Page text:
POLITICS – As the proud guardian of a rescued Dachshund named Lisa-Marie, I have taken an active and vocal role supporting animals for many years. Lisa-Marie's previous guardian dropped her off at a Bakersfield shelter with serious injuries to her head and mouth.
Therefore, she was considered a “special needs” rescue. After a few trips to the vet, plus lots of TLC at home, she has been in excellent health for five years now. I feel lucky that I have often been able to bring her to work with me.
I went through the dog adoption process to obtain Lisa-Marie on-the-air on my KABC radio show. A listener from Thousand Oaks put me in touch with the Dachshund rescue center where I adopted Lisa-Marie. Pets have shared my home my entire life. Lisa-Marie is a very special dog – she seems to have figured out that she's got a pretty good gig.
My record working in the community to help animals in Los Angeles dates back many years when I worked with the PAWS/LA program at AIDS Project Los Angeles (APLA). I served on the all-volunteer board of APLA from 1995 through 2000, and was a volunteer with APLA dating back to the late 1980s. PAWS/ LA was founded in the late 80s in response to the companion animal related crises faced by LA residents who were financially and physically debilitated by HIV/AIDS and who needed assistance in keeping and caring for their pets.
The program recognizes the value of the loving bond between people and their companion animals, and seeks to preserve that bond. The program has now expanded its scope to assist any low-income individual living with a chronic or life-threatening illness who needs assistance with their pet.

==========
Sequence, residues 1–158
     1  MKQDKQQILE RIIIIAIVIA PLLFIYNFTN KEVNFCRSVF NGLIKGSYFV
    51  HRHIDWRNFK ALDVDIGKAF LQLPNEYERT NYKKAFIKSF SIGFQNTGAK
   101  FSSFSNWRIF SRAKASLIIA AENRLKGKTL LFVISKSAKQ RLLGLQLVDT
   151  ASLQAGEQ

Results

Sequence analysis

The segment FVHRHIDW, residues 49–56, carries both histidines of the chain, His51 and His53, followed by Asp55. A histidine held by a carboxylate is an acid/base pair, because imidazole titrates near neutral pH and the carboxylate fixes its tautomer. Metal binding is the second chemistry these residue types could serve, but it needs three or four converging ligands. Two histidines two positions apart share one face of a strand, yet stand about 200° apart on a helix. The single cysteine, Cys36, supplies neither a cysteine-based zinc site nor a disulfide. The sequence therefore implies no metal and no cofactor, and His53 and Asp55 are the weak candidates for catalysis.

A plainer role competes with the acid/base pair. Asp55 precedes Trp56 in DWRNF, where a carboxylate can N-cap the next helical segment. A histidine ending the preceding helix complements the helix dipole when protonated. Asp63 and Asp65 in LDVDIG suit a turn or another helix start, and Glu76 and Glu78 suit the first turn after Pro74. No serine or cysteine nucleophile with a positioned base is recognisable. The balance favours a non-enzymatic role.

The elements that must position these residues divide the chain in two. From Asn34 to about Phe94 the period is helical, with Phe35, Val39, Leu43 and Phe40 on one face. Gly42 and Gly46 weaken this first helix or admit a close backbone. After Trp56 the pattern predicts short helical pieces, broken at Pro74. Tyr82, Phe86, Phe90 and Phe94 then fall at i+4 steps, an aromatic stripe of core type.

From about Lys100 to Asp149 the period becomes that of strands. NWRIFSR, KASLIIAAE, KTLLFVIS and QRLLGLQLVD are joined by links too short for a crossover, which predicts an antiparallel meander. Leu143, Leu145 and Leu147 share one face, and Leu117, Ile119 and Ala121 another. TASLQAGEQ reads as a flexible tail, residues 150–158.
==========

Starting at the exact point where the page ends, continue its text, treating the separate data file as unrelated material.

As my broadcast career grew in Los Angeles, I used my radio show to raise public awareness of animal issues. I assisted in the pet adoption process by featuring pets that were in need of a home. I also hosted radio segments featuring many non-profit humane organizations working on the pet rescue, adoption and care industry in Los Angeles, including Operation Blankets of Love.
I also used my radio show to assist volunteers seeking to raise money to pay for uniforms for the city's Reserve Animal Control Officers (RACO). RACO officers are volunteer animal control officers that work with the city's full-time animal control officers. Because of city budget cuts, Los Angeles shockingly only has one or two animal control officers on duty on any given night.
During the 2009 Station Fire, I used my radio show to inform the equestrian community of immediate shelter locations to protect their horses. Also, the city must be prepared to address other critical issues facing the equestrian community (e.g., Building and Safety issues on barns and corrals).
I have already voiced my opposition to the use of bull hooks on elephants in our city, and my support of the city ordinance precluding the use of such bull hooks.
My work within Los Angeles on animal issues over the past two decades has prepared me to meet the many challenges the city's Animal Services department (LAAS) currently faces.
Lots more on the original here: Animal Issues Must Get Priority In the Mayor’s Office